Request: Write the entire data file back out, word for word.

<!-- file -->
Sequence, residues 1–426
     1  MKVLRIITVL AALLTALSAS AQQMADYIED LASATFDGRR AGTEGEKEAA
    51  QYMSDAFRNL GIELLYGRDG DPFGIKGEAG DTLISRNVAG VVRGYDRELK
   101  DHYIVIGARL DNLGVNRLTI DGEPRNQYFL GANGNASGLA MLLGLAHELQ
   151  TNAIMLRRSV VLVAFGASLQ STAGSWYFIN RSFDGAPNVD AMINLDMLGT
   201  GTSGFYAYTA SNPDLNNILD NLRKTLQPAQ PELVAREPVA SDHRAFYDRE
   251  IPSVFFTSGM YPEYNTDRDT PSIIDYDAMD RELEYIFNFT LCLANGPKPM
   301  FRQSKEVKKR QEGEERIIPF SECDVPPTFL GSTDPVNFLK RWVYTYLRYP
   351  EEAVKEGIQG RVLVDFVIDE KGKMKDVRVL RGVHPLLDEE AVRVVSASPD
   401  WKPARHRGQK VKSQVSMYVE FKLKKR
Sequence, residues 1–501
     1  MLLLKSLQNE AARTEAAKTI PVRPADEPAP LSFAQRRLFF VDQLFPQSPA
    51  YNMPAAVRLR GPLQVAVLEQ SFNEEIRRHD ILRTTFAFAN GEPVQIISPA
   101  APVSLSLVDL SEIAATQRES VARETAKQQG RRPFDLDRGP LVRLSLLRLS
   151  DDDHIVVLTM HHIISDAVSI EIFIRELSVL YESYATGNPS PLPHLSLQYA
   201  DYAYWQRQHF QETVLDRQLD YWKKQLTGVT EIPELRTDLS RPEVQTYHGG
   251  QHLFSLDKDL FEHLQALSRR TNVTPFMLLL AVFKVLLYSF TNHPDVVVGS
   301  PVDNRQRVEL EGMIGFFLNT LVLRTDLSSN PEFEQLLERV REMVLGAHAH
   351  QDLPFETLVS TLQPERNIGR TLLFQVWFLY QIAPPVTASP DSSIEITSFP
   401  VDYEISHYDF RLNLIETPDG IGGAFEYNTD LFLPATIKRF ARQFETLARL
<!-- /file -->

Sequence, residues 1–426
     1  MKVLRIITVL AALLTALSAS AQQMADYIED LASATFDGRR AGTEGEKEAA
    51  QYMSDAFRNL GIELLYGRDG DPFGIKGEAG DTLISRNVAG VVRGYDRELK
   101  DHYIVIGARL DNLGVNRLTI DGEPRNQYFL GANGNASGLA MLLGLAHELQ
   151  TNAIMLRRSV VLVAFGASLQ STAGSWYFIN RSFDGAPNVD AMINLDMLGT
   201  GTSGFYAYTA SNPDLNNILD NLRKTLQPAQ PELVAREPVA SDHRAFYDRE
   251  IPSVFFTSGM YPEYNTDRDT PSIIDYDAMD RELEYIFNFT LCLANGPKPM
   301  FRQSKEVKKR QEGEERIIPF SECDVPPTFL GSTDPVNFLK RWVYTYLRYP
   351  EEAVKEGIQG RVLVDFVIDE KGKMKDVRVL RGVHPLLDEE AVRVVSASPD
   401  WKPARHRGQK VKSQVSMYVE FKLKKR
Sequence, residues 1–501
     1  MLLLKSLQNE AARTEAAKTI PVRPADEPAP LSFAQRRLFF VDQLFPQSPA
    51  YNMPAAVRLR GPLQVAVLEQ SFNEEIRRHD ILRTTFAFAN GEPVQIISPA
   101  APVSLSLVDL SEIAATQRES VARETAKQQG RRPFDLDRGP LVRLSLLRLS
   151  DDDHIVVLTM HHIISDAVSI EIFIRELSVL YESYATGNPS PLPHLSLQYA
   201  DYAYWQRQHF QETVLDRQLD YWKKQLTGVT EIPELRTDLS RPEVQTYHGG
   251  QHLFSLDKDL FEHLQALSRR TNVTPFMLLL AVFKVLLYSF TNHPDVVVGS
   301  PVDNRQRVEL EGMIGFFLNT LVLRTDLSSN PEFEQLLERV REMVLGAHAH
   351  QDLPFETLVS TLQPERNIGR TLLFQVWFLY QIAPPVTASP DSSIEITSFP
   401  VDYEISHYDF RLNLIETPDG IGGAFEYNTD LFLPATIKRF ARQFETLARL